There’s so much to see in Paris. Even if you get your travel inspiration from magazines and blogs, it’s also helpful to have a Paris guide book. This curated list includes the best general Paris guide books, pretty neighborhood guides, inspiration for historical and cultural walking tours and insights into the quirky corners of Paris.
I’m a recovering bookseller and an unrepentant book nerd, so you can trust me to give you solid recommendations for the best Paris travel books. Even though I write guides for Wayfaring Views, I still sometimes use physical guide books myself for helping me figure out logistics and find cool things to do.
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The Best Paris Guide Books for Trip Planning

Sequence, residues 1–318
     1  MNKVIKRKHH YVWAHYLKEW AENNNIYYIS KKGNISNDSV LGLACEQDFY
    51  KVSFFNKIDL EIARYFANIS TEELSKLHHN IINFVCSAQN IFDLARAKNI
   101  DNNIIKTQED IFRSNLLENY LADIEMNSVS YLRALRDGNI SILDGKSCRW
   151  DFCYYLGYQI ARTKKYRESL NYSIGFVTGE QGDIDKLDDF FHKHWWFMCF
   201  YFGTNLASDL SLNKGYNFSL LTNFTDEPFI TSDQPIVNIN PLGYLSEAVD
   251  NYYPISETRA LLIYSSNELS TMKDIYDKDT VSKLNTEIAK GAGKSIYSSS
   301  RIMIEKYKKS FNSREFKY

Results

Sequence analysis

Paris Guide 2019, Rick Steves
The Rick Steves travel guides are thorough, practical and budget-friendly. He covers all of the basics and has good advice for how to avoid tourist trap restaurants, where to do your laundry and a prioritized (if somewhat predictable) list of top sights.
Paris Travel Guide, Lonely Planet
Lonely Planet guides began by targeting the budget traveler and they have remained pretty true to their original mission. I appreciate their tips for saving money, suggestions for varied itineraries and their willingness to recommend offbeat attractions (like the Sewer Museum in Paris, which is very interesting and not as smelly as you might imagine.)
53 Paris Travel Tips, Rory Moulton
This goofly little guide book is full of practical tips including advice for how to avoid long lines, ideas for “Sunday Funday” and where to find ninjas. “Several hints were unique to this book and not found in any of the other Paris travel books I’ve read .” It’s only $4.99 on Kindle and worth checking out.